1920s & '30s
In 1920 the island of Ireland was partitioned with the six north-eastern counties becoming Northern Ireland, with Belfast as its capital. Although a majority of the population of the new state supported it, a significant minority were opposed to it, leading to clashes on the streets during the 1920s. This led to a polarisation in society at the time, with the Irish language becoming politically associated with Catholic Nationalists who rejected British rule in Ireland. The growing tensions greatly affected the Irish language movement throughout Northern Ireland and people's opinions of the language became tainted with sectarianism. This had a knock-on effect to An Cumann Gaelach and the University's Protestant community were not as involved in the Society has they had been previously. Between 1925 and 1929 the Society had more or less died out until an Irish language revival movement in the University around 1930.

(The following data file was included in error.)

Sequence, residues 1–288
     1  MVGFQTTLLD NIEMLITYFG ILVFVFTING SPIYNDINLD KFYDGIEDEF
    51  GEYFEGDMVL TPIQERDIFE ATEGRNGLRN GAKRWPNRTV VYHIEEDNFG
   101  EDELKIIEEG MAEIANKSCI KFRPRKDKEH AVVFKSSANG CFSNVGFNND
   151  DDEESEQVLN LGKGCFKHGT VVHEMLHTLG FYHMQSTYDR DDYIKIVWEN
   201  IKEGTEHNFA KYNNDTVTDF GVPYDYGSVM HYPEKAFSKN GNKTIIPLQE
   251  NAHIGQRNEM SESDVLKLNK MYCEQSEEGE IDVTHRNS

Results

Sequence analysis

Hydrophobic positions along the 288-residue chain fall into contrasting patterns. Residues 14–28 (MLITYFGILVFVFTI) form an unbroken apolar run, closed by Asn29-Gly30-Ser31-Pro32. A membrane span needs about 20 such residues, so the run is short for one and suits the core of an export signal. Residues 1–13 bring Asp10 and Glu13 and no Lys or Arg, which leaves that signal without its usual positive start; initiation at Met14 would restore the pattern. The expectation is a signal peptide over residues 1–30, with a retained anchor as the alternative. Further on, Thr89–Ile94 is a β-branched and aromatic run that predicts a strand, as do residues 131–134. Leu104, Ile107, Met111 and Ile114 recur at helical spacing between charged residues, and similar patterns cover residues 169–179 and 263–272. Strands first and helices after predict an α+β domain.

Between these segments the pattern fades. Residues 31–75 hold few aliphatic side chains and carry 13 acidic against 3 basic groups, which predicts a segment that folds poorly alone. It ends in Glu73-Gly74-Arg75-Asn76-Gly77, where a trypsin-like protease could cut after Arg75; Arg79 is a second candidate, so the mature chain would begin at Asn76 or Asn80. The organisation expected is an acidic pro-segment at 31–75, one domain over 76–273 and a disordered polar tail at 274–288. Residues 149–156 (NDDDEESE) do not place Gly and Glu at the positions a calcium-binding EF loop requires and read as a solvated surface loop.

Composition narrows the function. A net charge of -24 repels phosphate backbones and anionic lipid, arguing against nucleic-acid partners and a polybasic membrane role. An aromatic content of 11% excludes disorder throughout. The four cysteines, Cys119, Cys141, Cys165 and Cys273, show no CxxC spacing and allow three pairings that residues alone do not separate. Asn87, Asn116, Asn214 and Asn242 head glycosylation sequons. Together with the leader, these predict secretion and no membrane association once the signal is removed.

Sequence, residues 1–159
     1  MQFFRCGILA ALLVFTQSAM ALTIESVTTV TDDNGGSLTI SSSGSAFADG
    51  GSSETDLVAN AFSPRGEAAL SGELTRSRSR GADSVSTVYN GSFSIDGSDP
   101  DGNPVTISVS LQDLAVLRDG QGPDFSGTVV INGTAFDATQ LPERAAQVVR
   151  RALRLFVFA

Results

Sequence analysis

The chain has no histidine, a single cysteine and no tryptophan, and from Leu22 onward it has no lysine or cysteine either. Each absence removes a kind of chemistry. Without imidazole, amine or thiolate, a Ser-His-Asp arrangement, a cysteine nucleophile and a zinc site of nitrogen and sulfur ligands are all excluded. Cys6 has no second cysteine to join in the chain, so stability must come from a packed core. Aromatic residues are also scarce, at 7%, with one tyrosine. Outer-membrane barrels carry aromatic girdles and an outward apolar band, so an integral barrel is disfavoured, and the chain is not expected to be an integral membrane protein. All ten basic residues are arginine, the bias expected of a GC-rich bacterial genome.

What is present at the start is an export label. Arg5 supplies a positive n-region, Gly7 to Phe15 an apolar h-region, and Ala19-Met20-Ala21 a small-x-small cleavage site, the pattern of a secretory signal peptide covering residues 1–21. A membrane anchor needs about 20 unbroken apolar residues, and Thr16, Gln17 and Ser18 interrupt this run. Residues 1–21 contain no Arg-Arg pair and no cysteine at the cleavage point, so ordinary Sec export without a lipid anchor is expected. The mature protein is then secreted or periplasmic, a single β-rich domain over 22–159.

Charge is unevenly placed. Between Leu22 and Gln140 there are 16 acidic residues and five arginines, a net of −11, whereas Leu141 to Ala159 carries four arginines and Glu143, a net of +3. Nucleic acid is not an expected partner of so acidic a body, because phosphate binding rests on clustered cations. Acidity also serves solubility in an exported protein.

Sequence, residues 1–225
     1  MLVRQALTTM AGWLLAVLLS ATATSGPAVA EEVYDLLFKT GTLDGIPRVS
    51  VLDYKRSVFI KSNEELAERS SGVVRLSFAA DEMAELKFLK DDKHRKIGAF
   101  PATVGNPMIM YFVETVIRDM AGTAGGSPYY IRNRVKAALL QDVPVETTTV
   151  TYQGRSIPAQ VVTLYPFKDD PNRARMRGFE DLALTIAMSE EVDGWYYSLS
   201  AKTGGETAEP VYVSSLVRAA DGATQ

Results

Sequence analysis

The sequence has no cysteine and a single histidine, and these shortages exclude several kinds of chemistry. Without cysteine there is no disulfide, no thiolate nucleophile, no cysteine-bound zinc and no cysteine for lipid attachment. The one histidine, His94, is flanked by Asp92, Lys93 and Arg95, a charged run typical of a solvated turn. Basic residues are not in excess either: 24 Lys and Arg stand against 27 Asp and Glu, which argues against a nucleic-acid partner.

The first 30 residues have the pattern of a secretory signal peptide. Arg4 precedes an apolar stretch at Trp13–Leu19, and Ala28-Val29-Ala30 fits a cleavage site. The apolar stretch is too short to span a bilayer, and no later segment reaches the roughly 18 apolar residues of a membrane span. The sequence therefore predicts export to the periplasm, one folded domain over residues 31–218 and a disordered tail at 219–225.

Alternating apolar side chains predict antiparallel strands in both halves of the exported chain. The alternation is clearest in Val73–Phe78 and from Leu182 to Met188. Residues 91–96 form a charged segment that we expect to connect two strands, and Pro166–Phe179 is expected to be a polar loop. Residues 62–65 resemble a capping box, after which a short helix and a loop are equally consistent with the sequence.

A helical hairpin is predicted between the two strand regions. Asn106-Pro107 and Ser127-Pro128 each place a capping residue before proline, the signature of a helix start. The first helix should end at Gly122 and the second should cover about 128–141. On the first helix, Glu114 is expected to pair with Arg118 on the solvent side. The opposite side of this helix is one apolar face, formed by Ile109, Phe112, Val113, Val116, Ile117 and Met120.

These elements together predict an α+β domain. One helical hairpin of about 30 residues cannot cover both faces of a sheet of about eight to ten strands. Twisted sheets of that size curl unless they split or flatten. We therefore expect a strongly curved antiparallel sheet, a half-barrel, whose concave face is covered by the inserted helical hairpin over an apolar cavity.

In 1936 the Comhchaidreamh (interrelationship in English) was formed, an organisation that sought to create links among all University Irish societies. Queen's University's Irish Language Society had close ties with their counterparts around Ireland until the 1970s, with regular debates and plays organised by students, however, in recent years these strong links have weakened significantly.
Read more about this topic: An Cumann Gaelach, QUB